The front desk or reception area in an office is the introduction to your company – the shop window. This is possibly the first impression your company will make on any visitor.
The reception area is expected to reflect the organisational culture of the company and according to Adam Wasilewski of WdesignLab, reception areas are the space that is mostly overlooked in the office design.
The points below are a framework of the most common office reception mistakes. Following these simple points will not only improve your employee’s efficiency, but also the first impression visitors have of your business and your workplace. There are many other considerations that make for proper office design and the best possible way of getting a good return on your investment is to hire an experienced design professional.
Plan to have a reception area
Not having a reception is mistake number one, says Wasilewski. Have you ever had a meeting at an office where you’ve never been before, and when you walked in you found yourself in the middle of all the employees with all of their work suddenly paused while they stared at you blankly? I have, and it makes a negative first impression. Plan to have a conspicuous reception area and staff it with a pleasant and informative individual who will keep your other employees from getting interrupted.
Where to put the reception area
Place it at the entrance so that it is the first place a visitor will head. There is no point in having a reception area if visitors find it easier to interrupt other staff.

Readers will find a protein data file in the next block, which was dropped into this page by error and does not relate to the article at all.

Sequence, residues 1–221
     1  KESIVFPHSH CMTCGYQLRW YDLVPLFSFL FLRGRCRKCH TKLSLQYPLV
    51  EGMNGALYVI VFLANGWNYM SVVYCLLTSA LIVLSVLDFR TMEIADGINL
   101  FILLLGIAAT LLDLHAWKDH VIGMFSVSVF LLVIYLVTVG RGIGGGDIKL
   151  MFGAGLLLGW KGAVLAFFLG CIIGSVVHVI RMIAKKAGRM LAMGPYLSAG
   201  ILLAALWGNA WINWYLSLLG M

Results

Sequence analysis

Lighting in the reception area
Not just mistake number three but the most common mistake is lighting, while the most overlooked detail is lighting colour. “Have you ever walked into an office where the light makes everything look distasteful or sickly?”
Typical bulbs will be anywhere from 2500 – 7500 Kelvin, where 2500 is warm and yellow, and 7500 is cold and blue. A cold, blue light will make skin and even food look unpleasant so stick to between 3500-4500 Kelvin.
Seating in the reception area
This is very important to the office visitor, and how they perceive your business. This mistake takes two forms: not having anywhere to sit, and art chairs.
If there is nowhere to sit, your visitors will be left to either stand around or pace in your reception hall. Either option is uncomfortable and does not project a welcoming atmosphere. And by ‘art chairs’ I am referring a phenomenon most commonly seen in design offices and office designs created by those firms. Make sure your reception seating can actually be sat on and that it is comfortable and natural to sit in.
Open vs. closed reception desks
If you are genuinely concerned that office visitors may attack your receptionist, then having a closed reception desk with a sliding window or slot is perfectly reasonable.
Otherwise, it’s mistake number five. It tells your visitors that you assume they are undesirable, dangerous or otherwise untrustworthy. They are most commonly found in hospitals and police stations – enough said!